The above reference represents an extreme example of disassociation with self through the '... depersonalization by assimilation to space', yet there is an implication here indicating that a life spent immersed primarily in spaces which are potentially overwhelming in their lack of reciprocity; their disinclination to contribute a dialogue with us in that reflexive process of person-becoming-place-becoming person, (the sublime of urban sprawls, rush-hour crowds, city centres, underground railway platform throngs ...) may place at hazard our sense of ownership or belonging while we endeavour to assimilate the data coming at us from each new location, which in turn if prolonged, places our sense of identity in jeopardy. If we choose to live in this way in a semi-permanent fashion, inhabiting airport arrival and departure lounges; driving, coccooned, across town to shop for food in hypermarkets which possess the spatial characteristics and proxemic cultures of commercial aircraft hangers; commuting for hours every morning and evening in 'virtual' conduit spaces of automobiles or trains which remove us from the opportunity to dwell in places of corporeality which match our own, (although the constituents of our own corporeality are debateable) to arrive at sealed, multi-storey containment*, is it still possible to maintain that sense-of-place with which we might resonate, that space in which we may belong?
*('After the novelty of telegraph wore off, the Weather Service was shifted over to the Department of Agriculture and it ultimately wound up in the Department of Commerce, which oversees aviation and interstate trucking. Regional Weather Service offices tend to be in very grim places, like industrial parks bordering metropolitan airfields. They have sealed windows and central air-conditioning. Very little of the air being studied actually gets inside.') (Junger, S. (1997) The Perfect Storm, HarperPerennial a Division of HarperCollins 1997 p.99)
It is difficult then, if not impossible to ascertain to what extent the maintenance of our self within identity may be vulnerable to apparently anomalous relations with spaces which have the power to confuse us. Spaces which betray no reciprocity of intent, that condition which is reflexive identity building, where each party, both individual and space, contribute to a balanced assimilation of self awareness. In 'normal' conditions of the everyday, most manage the business of being an unbalanced human quite well. (In the sense that our other personna is largely ignored). Much of my research into the archive of the self and its sub-portfolios have suggested to date that as sentient beings we are nothing if not resilient and manage (and often actively initiate) our transformative Avatar/Cyborg/other potential within our own makeups extremely well. We can only speculate as to what may be occurring beneath the surfaces of our acknowledged and openly manipulated surfaces of communicable endeavours. Is there a growing awareness within the excitement of the 'New Technologies of Becoming' (my inverted commas), those challenges and extensions to our reality, like post-structuralist and metaverse constructs; re-formulations of and adjuncts to the Real, that there may exist for us all, a '... dark space where things cannot be put'?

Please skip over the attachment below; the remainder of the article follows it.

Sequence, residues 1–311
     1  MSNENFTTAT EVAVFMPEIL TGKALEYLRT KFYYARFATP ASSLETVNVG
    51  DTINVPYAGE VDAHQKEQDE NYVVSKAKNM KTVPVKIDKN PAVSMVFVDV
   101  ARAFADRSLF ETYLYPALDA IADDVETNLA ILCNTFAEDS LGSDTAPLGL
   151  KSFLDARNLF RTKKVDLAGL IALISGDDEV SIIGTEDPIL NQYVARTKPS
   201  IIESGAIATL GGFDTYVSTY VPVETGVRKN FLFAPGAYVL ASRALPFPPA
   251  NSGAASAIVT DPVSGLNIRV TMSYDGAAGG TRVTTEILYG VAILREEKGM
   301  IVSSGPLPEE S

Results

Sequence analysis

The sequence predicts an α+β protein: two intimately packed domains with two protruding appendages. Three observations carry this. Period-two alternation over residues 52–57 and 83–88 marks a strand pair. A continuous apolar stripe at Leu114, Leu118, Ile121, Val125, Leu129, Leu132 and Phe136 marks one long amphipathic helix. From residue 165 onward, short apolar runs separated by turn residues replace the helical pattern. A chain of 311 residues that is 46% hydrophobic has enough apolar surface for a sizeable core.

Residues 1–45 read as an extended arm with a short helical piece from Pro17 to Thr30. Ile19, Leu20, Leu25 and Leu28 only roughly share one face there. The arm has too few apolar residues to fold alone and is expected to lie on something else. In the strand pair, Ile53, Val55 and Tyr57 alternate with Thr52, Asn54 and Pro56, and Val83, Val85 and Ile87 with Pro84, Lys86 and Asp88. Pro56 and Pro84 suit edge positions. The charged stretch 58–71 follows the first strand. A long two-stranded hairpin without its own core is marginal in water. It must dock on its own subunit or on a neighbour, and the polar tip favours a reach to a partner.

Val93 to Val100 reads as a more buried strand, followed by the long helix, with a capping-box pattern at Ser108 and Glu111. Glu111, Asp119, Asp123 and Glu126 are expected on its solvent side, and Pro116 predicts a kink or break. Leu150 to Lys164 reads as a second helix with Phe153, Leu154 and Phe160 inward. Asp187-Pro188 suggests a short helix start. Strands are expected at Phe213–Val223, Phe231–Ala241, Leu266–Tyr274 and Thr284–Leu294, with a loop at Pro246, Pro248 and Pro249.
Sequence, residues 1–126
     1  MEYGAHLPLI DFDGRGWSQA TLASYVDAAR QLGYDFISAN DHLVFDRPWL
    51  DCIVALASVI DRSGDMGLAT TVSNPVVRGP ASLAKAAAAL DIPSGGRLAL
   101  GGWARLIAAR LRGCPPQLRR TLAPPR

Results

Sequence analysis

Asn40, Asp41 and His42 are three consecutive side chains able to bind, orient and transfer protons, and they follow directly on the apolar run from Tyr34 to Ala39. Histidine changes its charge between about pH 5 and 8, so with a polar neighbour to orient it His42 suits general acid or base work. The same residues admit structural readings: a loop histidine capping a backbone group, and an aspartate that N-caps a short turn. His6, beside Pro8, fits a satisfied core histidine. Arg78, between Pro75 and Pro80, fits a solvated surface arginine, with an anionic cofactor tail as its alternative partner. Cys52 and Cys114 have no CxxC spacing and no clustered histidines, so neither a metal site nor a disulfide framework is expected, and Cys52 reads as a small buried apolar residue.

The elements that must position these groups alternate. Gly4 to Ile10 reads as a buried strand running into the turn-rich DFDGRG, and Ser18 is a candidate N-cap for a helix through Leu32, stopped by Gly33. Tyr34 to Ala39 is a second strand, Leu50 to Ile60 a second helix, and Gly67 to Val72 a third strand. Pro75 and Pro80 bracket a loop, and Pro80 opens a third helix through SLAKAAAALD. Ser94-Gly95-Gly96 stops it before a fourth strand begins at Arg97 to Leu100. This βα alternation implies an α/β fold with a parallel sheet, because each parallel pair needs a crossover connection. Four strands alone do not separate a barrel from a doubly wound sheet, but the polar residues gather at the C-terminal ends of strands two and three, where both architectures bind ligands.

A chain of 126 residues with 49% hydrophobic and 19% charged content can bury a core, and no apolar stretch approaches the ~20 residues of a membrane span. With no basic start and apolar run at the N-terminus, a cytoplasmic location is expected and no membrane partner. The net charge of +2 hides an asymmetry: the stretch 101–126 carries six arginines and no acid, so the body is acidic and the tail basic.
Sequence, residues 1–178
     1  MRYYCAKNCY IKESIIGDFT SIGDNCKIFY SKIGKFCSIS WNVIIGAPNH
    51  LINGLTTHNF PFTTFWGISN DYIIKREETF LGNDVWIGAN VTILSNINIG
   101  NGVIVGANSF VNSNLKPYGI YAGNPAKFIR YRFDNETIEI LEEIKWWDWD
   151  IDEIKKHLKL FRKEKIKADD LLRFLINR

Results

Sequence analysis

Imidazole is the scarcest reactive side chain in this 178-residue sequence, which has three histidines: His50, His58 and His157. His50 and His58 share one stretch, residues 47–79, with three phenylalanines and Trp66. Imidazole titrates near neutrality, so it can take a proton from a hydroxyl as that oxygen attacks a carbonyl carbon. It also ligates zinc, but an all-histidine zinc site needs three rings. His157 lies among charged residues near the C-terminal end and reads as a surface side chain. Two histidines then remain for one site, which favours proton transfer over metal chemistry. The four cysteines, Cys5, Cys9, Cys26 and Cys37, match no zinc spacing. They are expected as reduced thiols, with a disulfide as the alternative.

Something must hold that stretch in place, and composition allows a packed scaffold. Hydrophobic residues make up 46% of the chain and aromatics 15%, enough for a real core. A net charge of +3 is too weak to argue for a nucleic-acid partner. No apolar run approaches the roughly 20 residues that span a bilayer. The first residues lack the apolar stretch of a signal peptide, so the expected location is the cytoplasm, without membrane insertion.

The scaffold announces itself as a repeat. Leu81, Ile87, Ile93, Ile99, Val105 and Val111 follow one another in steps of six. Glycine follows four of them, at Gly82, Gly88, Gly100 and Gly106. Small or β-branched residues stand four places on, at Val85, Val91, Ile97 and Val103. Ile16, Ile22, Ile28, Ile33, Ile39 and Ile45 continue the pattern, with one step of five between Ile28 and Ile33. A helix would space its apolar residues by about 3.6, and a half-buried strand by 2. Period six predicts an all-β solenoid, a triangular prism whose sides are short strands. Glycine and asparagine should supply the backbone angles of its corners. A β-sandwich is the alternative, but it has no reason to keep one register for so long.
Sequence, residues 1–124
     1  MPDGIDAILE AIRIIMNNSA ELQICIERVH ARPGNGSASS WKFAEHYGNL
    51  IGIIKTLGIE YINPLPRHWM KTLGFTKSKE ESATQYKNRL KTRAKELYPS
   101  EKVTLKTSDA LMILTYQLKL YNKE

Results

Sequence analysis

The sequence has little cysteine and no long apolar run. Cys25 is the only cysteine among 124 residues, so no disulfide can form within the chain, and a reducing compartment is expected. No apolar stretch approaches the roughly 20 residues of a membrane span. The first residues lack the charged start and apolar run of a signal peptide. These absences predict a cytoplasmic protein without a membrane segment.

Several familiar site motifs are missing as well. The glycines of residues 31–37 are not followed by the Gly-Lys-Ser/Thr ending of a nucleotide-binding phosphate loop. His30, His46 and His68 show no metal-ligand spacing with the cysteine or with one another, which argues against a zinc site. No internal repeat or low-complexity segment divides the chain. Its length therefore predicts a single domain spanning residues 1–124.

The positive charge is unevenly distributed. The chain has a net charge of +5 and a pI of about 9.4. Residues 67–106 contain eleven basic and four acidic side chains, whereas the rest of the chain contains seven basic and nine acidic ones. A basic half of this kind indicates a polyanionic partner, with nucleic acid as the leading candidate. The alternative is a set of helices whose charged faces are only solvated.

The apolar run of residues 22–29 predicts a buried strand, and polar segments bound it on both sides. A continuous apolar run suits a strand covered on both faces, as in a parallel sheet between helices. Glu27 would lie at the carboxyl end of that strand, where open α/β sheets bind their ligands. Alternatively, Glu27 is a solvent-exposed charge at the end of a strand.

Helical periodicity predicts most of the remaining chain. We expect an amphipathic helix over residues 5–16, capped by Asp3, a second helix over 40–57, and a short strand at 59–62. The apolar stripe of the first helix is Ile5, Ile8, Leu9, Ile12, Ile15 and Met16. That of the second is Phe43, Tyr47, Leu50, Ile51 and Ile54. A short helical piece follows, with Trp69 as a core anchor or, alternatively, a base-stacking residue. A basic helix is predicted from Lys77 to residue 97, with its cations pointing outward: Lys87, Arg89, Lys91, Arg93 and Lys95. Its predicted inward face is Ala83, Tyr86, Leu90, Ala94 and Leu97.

Is this a comment pertinent to the articulation of Avatar personna in apparently representational spaces like Second Life? Clearly, spaces which are reflexive with and mirror our own intent to blend with, to interact effectively with the space, provide opportunities for us to foster a sense of self-identity. It is all very well to talk about 'mixed-reality' in relation to metaverse environments, but if we do not have a way in to enable fluidity across the interfaces involved, it makes the composite description a little one-sided.